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Nanotechnology research, the science of miniaturizing through ultra-sophisticated machinery, now has a competitive headquarters at McGill.
The Faculty of Science and Faculty of Engineering have teamed up to create a nanotechnology hub, called the Tools for Nanoscience Facility, which consists of 8,000 square feet of lab space.
The 10 researchers from both faculties involved in the project are Mark Andrews, Christopher Barrett, Martin Grant, Peter Grütter, Hong Guo, Musa Kamal, Andrew Kirk, Bruce Lennox, David Plant and Mark Sutton
With the new labs, based at the Rutherford Physics Building and Wong Engineering Building, McGill has become the most advanced, public or private, nanotechnology research centre in Canada, and were built for $9 million.
"The Tools for Nanoscience Facility is another wonderful example of public/private partnerships that enable Quebec's and Canada's research universities to compete internationally," says McGill Principal Heather Munroe-Blum.
The labs include three closely linked components. The first is a clean room with a micromachining facility, which boasts the latest technology. "This facility will be the machine shop for the 21st century," explains Professor of physics Peter Grütter.
A second component will be an atomic manipulation facility, unique in the world. This facility will let researchers construct devices atom by atom, thus developing the science and technology required for future electronic and biochemical systems.
The third component is a Beowulf supercomputer dedicated to the modelling of nanomaterials. McGill's Beowulf is currently Canada's most powerful computer, according to www.top500.org. The cluster contains 700 processors, runs at 1.3 Tflops (a trillion floating-point operations per second) fills an entire room and consumes enough power to electrify 10 family homes.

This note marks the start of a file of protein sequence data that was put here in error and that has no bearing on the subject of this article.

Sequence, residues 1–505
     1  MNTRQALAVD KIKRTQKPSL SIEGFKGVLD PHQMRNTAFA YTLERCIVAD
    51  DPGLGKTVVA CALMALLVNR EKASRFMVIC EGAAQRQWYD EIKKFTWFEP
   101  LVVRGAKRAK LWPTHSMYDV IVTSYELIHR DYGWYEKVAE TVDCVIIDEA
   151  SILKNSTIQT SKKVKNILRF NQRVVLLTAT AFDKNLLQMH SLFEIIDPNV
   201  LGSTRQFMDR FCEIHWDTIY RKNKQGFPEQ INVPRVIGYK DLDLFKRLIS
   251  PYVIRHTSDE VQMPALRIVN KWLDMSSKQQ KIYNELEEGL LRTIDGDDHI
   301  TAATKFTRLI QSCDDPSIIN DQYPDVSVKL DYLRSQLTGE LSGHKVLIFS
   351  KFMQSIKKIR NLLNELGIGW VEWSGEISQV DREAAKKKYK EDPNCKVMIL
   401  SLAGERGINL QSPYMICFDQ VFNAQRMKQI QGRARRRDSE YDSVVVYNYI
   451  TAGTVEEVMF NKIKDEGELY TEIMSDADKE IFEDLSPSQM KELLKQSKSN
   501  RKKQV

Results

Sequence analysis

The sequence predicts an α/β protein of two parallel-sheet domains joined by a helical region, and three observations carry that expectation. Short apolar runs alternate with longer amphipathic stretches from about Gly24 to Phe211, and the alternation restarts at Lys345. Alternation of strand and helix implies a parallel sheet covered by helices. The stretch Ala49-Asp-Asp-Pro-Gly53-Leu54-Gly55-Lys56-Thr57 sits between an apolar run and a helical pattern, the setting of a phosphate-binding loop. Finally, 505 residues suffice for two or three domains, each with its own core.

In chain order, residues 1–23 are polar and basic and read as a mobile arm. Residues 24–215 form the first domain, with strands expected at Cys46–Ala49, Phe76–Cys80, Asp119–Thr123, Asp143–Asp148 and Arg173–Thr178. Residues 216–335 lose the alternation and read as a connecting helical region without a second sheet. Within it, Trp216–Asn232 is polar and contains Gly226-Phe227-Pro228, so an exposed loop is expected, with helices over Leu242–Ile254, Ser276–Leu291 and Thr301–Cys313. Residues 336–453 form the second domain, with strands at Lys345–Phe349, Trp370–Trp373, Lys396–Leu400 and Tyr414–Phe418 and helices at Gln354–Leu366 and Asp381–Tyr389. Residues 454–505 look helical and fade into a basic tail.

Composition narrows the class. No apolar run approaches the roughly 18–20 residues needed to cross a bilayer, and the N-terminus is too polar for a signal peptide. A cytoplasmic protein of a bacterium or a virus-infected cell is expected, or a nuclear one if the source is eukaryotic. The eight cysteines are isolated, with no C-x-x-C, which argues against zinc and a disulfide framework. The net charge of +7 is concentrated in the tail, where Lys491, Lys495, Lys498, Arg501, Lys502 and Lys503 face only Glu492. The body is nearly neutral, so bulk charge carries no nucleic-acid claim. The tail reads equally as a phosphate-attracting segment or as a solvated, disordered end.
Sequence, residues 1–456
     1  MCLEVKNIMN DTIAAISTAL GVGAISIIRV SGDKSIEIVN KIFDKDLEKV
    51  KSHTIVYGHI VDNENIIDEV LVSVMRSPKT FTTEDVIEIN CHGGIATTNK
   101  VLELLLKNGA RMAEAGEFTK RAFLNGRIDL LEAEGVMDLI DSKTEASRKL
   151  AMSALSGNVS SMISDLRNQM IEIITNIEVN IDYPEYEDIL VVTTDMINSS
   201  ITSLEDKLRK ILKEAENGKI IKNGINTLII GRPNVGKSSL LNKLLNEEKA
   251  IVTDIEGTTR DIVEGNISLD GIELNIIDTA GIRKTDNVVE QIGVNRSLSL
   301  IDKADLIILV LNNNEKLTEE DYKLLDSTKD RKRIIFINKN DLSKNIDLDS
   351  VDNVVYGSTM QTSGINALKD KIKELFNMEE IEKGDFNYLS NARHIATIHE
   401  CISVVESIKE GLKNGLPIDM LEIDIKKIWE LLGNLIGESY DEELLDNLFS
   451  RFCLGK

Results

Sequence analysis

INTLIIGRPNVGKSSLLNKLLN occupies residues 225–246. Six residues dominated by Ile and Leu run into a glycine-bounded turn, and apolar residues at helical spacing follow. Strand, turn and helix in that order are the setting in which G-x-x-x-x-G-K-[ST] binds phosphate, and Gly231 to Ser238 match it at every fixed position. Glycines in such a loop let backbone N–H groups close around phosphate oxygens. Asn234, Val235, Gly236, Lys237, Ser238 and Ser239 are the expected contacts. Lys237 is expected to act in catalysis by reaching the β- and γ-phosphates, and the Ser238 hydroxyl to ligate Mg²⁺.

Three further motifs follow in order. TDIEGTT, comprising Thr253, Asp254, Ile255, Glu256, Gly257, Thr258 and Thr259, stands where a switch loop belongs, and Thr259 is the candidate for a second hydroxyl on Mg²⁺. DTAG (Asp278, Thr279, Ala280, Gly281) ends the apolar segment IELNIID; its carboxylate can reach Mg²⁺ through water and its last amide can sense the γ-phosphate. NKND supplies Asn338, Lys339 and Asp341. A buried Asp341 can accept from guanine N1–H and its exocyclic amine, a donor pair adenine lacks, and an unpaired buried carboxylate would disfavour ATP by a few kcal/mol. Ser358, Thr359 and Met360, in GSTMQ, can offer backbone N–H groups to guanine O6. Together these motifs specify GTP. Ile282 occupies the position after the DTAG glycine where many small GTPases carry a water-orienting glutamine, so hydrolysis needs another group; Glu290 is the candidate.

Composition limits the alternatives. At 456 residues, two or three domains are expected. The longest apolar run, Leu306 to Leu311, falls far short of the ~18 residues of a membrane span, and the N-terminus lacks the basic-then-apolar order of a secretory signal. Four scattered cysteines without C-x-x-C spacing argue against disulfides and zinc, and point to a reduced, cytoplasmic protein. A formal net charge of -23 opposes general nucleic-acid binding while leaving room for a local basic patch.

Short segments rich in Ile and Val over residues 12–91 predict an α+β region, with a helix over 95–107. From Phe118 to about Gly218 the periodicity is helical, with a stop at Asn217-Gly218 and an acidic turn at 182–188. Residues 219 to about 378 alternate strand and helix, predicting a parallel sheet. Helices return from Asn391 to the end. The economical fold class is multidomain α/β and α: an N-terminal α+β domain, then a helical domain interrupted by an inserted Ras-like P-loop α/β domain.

"Our Beowulf contains more communications bandwidth than the entire McGill and McGill University Health Centre internet network," says Grütter. "It's massive."
Another unique aspect of the Tools for Nanoscience Facility is how the multidisciplinary space will enable collaboration between researchers in physics, chemistry, engineering and life sciences as never before.
"Cross-fertilization is essential to truly capitalize on the promise of nanoscience," says Andrew Kirk, a professor of electrical and computer engineering. "Our centralized facility will become the watering hole of McGill's scientific community."
Among the research projects enabled by the Tools for Nanoscience Facility will be the development of new cantilever-based chemical sensors for the detection of single molecules (or DNA testing), the investigation of atomic-scale conductance (an essential field as silicon-integrated circuits continue to shrink in size), the assembly of nanophotonic devices for future optical communications networks, micromachined electronic components for the next generation of wireless devices and integrated miniaturized biomedical diagnostic systems.
"The grouping of technologies at the Tools for Nanoscience Facility can easily compete with private industry labs and are more cost-effective," stresses Kirk. "These facilities will help us recruit and retain technical staff in a competitive market."
Munroe-Blum is very excited that the Tools for Nanoscience Facility has become a reality. "McGill is a true pioneer university in nanoscience," she says. "As we compete for the best minds, McGill's Tools for Nanoscience Facility will be a magnet for drawing the best and the brightest scientists, scholars, graduates and postdoctoral students from around the world."
The investment in nanoscience was made possible thanks to many partners: the Canada Foundation for Innovation; DALSA; Semiconductor; EV Group; Extreme Networks; Génome Québec; IDL Inc.; JEOL; McGill University; Ministère du Développement économique et régional; NanoQuebec; NSERC; SOQUELEC; STMicroelectronics and Valorisation-Recherche Québec.